Atrazine (ATZ) is another pollutant in ecosystems, which induces chronic genotoxicity (Akhtar et al., 2021) in aquatic organisms. It is also a highly water-soluble herbicide that is used in agriculture worldwide to control broadleaf weeds (Nwani et al., 2010). Numerous natural feed supplements have been reported to be useful for mitigating sub-lethal ATZ toxicity in various fish species. Ahmed et al. investigated for the first time the suitability of GEO (Panax ginseng essential oil) for this specific application. Together with their colleagues, they found that GEO-supplemented diets significantly improved the productive performance, immune function, lipid metabolism, and hepatic antioxidant status of the treated Nile tilapia (Oreochromis niloticus). Moreover, dietary GEO considerably mitigated the negative impacts of ATZ toxicity on the productive performance and health/welfare status of the organism. It also attenuated almost all of the ATZ-induced changes in the fish physiological parameters, indicating significant and beneficial anti-oxidative, anti-stress, anti-apoptotic, and anti-inflammatory activity. However, further investigations should be performed to better identify the bioactive constituents of GEO that are actually responsible for the observed positive effects and to elucidate the relative action mechanisms (performance and ATZ-induced toxicity attenuation).

In summary, the presence of antibiotics, plastics, and chemical compounds used in the industry and agriculture (PAH and ATZ, respectively) in marine and coastal areas represents a serious issue that poses risks to marine ecosystem health. By enhancing our understanding of their influence on the biosphere (organisms and communities) and implementing prevention and control measures, we can ensure the reliability of important economic coastal and marine areas (touristic marinas, ports, and aquaculture farms and parks) while also protecting marine ecosystems. This is crucial not only for environmental conservation but also for sustaining human life and ensuring long-term sustainability. Increasing public awareness of these issues can help to encourage greater investment in research and development and the implementation of effective prevention and control measures, such as the ones implemented so far in the Gulf of Trieste.

Author contributions

RB wrote the manuscript, and the other guest editors of the Research Topic reviewed and revised it. All authors contributed to the article and approved the submitted version.


We gratefully acknowledge the Slovenian Environmental Agency (national monitoring program, research program P1-0237 and project L7-1847), National Natural Science Foundation of China (42107384), and the China Postdoctoral Science Foundation (2019M661426).


We would like to thank the editors of Frontiers in Marine Science for their support on the Research Topic. We appreciate all the reviewers who have given their time and expertise to the articles. We thank the authors who submitted their manuscript and those willing to submit and publish their manuscript in similar Research Topics.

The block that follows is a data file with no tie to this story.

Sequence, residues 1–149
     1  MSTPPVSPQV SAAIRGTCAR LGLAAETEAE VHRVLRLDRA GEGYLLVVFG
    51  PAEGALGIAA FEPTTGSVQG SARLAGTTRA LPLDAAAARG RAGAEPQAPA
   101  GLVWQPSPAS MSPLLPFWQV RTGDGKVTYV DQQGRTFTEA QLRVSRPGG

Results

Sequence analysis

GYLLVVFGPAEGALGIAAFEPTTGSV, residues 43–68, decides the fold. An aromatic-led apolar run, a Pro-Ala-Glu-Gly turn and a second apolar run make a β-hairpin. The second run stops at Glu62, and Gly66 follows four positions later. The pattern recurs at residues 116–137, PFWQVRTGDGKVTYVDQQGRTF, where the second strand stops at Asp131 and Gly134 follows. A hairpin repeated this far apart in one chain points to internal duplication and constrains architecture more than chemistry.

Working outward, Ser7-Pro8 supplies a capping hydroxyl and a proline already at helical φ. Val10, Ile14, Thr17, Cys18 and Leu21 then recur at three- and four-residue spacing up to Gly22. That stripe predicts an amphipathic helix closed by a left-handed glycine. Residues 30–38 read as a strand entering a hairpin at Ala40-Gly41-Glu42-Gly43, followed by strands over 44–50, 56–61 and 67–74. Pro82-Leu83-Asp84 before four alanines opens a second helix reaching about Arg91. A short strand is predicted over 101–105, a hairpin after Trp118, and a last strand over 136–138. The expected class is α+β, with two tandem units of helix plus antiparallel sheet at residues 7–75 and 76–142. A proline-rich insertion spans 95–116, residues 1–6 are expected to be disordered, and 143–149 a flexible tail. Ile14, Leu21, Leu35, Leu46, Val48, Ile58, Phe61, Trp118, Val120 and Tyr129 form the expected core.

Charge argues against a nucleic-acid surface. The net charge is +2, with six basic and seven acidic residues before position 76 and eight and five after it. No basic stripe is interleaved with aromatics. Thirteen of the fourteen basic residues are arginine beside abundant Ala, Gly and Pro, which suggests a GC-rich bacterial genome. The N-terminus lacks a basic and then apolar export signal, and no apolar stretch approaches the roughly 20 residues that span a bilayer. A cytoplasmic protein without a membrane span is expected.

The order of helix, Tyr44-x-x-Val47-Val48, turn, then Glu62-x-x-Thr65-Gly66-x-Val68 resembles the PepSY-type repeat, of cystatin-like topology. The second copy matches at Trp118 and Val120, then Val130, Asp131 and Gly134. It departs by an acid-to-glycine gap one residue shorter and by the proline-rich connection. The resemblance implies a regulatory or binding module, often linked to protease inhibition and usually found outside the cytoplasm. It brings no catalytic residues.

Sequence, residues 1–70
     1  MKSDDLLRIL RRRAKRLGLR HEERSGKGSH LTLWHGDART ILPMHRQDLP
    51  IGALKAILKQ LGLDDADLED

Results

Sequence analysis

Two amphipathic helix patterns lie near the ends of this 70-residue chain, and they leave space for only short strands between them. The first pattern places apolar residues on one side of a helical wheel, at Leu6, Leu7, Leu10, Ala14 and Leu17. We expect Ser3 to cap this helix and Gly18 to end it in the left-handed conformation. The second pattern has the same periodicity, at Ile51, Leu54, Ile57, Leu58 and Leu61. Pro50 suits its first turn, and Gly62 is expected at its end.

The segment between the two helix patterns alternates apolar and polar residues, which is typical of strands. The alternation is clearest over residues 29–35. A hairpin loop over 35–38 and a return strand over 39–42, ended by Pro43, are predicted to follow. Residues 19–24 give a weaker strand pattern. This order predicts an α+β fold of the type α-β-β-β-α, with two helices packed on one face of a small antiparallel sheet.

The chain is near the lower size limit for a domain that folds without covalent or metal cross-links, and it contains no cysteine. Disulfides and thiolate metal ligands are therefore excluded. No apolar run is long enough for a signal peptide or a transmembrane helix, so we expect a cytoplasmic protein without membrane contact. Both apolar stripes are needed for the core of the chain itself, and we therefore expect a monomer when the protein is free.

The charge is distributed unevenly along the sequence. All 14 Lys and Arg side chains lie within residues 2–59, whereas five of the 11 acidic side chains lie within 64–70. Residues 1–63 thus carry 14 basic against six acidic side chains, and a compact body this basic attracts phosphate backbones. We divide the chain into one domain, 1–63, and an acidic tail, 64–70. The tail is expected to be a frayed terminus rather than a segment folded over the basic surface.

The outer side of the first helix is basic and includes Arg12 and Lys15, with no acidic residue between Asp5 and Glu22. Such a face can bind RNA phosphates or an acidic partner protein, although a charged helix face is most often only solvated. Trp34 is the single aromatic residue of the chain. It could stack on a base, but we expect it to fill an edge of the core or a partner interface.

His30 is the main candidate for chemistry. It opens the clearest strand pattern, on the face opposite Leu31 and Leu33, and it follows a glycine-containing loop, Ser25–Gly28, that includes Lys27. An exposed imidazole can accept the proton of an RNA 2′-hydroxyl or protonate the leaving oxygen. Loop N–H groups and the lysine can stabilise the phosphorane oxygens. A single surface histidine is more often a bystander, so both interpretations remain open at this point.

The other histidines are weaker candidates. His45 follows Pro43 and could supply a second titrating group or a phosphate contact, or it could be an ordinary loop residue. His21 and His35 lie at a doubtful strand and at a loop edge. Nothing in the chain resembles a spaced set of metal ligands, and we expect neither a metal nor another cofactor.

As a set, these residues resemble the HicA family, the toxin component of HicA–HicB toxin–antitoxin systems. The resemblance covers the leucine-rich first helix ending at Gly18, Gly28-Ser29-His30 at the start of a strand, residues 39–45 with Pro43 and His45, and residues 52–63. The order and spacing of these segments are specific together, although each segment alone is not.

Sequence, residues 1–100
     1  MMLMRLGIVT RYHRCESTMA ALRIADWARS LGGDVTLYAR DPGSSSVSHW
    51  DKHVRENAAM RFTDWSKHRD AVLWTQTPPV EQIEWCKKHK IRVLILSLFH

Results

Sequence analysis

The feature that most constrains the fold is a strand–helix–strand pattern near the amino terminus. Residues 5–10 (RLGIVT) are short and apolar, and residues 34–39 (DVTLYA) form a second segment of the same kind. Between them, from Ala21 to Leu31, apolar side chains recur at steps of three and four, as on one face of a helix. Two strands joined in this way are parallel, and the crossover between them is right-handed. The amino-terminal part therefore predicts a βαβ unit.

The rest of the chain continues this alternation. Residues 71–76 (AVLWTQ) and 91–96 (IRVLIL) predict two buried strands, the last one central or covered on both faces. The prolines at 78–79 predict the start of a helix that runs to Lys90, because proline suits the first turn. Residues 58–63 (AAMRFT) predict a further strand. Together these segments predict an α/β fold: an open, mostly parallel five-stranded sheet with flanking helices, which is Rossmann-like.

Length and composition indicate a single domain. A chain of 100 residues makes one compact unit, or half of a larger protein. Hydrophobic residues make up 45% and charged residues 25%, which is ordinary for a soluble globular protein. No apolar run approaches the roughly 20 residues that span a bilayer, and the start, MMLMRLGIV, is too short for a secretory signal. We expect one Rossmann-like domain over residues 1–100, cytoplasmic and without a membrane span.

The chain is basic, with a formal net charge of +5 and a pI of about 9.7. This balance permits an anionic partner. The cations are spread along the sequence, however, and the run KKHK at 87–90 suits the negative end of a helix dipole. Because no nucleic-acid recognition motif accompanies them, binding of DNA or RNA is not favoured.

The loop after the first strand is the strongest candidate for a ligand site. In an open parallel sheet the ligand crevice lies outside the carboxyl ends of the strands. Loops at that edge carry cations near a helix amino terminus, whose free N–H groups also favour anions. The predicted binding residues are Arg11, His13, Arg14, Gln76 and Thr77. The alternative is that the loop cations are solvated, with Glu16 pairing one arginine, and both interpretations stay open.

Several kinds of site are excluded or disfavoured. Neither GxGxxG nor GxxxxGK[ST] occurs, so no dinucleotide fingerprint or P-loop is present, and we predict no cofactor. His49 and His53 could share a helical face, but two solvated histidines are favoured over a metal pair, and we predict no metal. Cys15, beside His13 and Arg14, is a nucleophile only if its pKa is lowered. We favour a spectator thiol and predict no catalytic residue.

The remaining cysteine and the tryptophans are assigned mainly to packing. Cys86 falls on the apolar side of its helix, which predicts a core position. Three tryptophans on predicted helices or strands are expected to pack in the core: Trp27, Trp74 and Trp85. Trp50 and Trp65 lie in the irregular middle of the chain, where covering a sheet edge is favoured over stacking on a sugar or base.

Conflict of interest

The authors declare that the research was conducted in the absence of any commercial or financial relationships that could be construed as a potential conflict of interest.

Publisher’s note

All claims expressed in this article are solely those of the authors and do not necessarily represent those of their affiliated organizations, or those of the publisher, the editors and the reviewers. Any product that may be evaluated in this article, or claim that may be made by its manufacturer, is not guaranteed or endorsed by the publisher.


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Keywords: microplastics, polycyclic aromatic hydrocarbons, antibiotics resistance bacteria, antibiotics resistance genes, atrazine, marine ecosystems health, environmental conservation

Citation: Bakiu R, Roncarati A and Kamberi E (2023) Editorial: Inorganic and organic pollutants in marine and coastal environments. Front. Mar. Sci. 10:1245833. doi: 10.3389/fmars.2023.1245833

Received: 23 June 2023; Accepted: 05 July 2023;
Published: 13 July 2023.

Edited and Reviewed by:

Hans Uwe Dahms, Kaohsiung Medical University, Taiwan

Copyright © 2023 Bakiu, Roncarati and Kamberi. This is an open-access article distributed under the terms of the Creative Commons Attribution License (CC BY). The use, distribution or reproduction in other forums is permitted, provided the original author(s) and the copyright owner(s) are credited and that the original publication in this journal is cited, in accordance with accepted academic practice. No use, distribution or reproduction is permitted which does not comply with these terms.

*Correspondence: Rigers Bakiu,

Disclaimer: All claims expressed in this article are solely those of the authors and do not necessarily represent those of their affiliated organizations, or those of the publisher, the editors and the reviewers. Any product that may be evaluated in this article or claim that may be made by its manufacturer is not guaranteed or endorsed by the publisher.